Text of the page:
Sri Ramakrishna was also known as a ‘tantrik’; he worshiped even his wife Sarada as Goddess. It is not unknown that many a class spiritual masters go eccentric and erratic (or erotic or mystic?) in their utterances, gestures and teachings. It is told that Ramakrishna used the most rustic, colloquial, classic, gross Bengali language to communicate or abuse with his disciples and people – in the larger mission of spreading the spiritual consciousness. He often used filthy, sexy words to convey the message of clarity. These masters or mystics often reveal ‘Vedanta’ in the very ‘vagina’, so to speak. They know not what is holy or unholy. It’s the middle class mortals and minds that drum beat and blow the siren of morals and holiness; and our Gurus make good ‘harvest’ out of it. Otherwise, God knows no bounds of morals or sermons. It seems, the morals are for the mortals, never for the immortal ones.

The teachings of Ramakrishna are preserved in the work called ‘Sri-Sri-Ramakrisna-Kathamrta’ compiled in Bengali by his house-holder devotee, Mahendranath Gupta. This book is more realistic and less filtered, it seems. But the English translation of this book was never a true translation or rather the translation was made to depict the Personality Ramakrishna as an ‘avatar’ and ‘holy’ person; or rather it was impossible to translate the ‘original’ as it is due to the best kept reasons or impulses.

All the above paragraphs I scribbled just after incidentally reading a passage from the book, ‘Stopped in Our Tracks’ (third series, on UG) originally compiled in Telugu by K. Chandrasekhar, a close long associate of UG, (translated in English by Narayana Moorty). There may be several scholarly great books available on UG, but my favorite passion is always, Chandrasekhar’s ‘Lost in Our Tracks’ (First series ; Second series ; and Third series), an informal inner circle open chit-chat or tidbits on UG and in UG’s own informal spontaneous words too. Many instant diamonds of wisdoms we may strike there in the jungle of informal UG journey in these books (first, second, and third series).

The random passage I got in this book (‘Lost in our Tracks: third series’) reads:

“God is in the Vagina” – Sri Ramakrishna

The other day, Guha was reading the Bengali original of Sri Ramakrishna Bodhamrtam, translating it into English for us. “I will remove all my clothes and dance before the women; what do you care about it?” Sri Ramakrishna had scolded one of his disciples. Guha continued, “God is in the vagina. God lets me see him in the copulation of two dogs.” Ramakrishna had used much more obscene and vulgar language [than this] in his conversations. But Nikhilananda, in translating, had corrected all that, changing it so that people would be presented with the image of a holy man to hold in their minds.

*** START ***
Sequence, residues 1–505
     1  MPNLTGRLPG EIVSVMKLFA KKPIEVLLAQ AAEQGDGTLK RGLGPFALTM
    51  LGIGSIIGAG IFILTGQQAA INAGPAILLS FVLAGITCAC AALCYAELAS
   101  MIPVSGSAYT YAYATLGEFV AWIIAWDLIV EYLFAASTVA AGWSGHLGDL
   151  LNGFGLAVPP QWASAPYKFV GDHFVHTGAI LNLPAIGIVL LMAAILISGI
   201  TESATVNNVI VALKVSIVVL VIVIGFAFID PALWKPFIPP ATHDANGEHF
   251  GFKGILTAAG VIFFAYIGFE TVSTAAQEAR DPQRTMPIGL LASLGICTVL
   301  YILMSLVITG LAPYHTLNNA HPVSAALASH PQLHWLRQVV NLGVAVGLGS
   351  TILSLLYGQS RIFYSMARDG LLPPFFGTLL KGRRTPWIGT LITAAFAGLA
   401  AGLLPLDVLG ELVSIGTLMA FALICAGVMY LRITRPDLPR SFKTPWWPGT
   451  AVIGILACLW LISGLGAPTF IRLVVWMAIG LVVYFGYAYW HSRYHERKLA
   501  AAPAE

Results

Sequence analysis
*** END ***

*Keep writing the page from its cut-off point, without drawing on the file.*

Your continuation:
And another passage I happened to get from Chandrasekhar’s ‘Stopped in Our Tracks’ (first series) reads:

“The source for both God and sex is the same. As long as you think of God, there is always sex in its shadow,” says U.G. I now understand the value of this saying. But in those days I was very confused. “Why am I so deluding myself? The mind which freed itself from so many attractions, why is it pining so much for such a trifle? Is this a test? O Lord, please give me strength. Please get me out of this mire.” Just as I was praying thus, I felt that I was sinking deeper into the mire.

Some of the interesting passages taken from the article [Wikipedia] on Sri Ramakrishna are reproduced here:

The Bhairavi initiated Ramakrishna into Tantra. Tantrism focuses on the worship of shakti and the object of Tantric training is to transcend the barriers between the holy and unholy as a means of achieving liberation and to see all aspects of the natural world as manifestations of the divine shakti.

In 1866, Govinda Roy, a Hindu guru who practiced Sufism, initiated Ramakrishna into Islam. Ramakrishna said that he “devoutly repeated the name of Allah, wore a cloth like the Arab Moslems, said their prayer five times daily, and felt disinclined even to see images of the Hindu gods and goddesses, much less worship them—for the Hindu way of thinking had disappeared altogether from my mind.” According to Ramakrishna, after three days of practice he had a vision of a “radiant personage with grave countenance and white beard resembling the Prophet and merging with his body”.

At the end of 1873 he started the practice of Christianity, when his devotee Shambu Charan Mallik read the Bible to him. Ramakrishna said that for several days he was filled with Christian thoughts and no longer thought of going to the Kali temple. According to Ramakrishna, one day when he saw the picture of Madonna and Child Jesus, he felt that the figures became alive and had a vision in which Jesus merged with his body. In his own room amongst other divine pictures was one of Christ, and he burnt incense before it morning and evening. There was also a picture showing Jesus Christ saving St Peter from drowning in the water.

According to Malcolm Mclean, the principal source for Ramakrishna’s teaching is Mahendranath Gupta’s ‘sri-sri-ramakrisna-kathamrita’. Kripal calls it “the central text of the tradition”. The text was published in five volumes from 1902 to 1932. Based on Gupta’s diary notes, each of the five volumes purports to document Ramakrishna’s life from 1882–1886.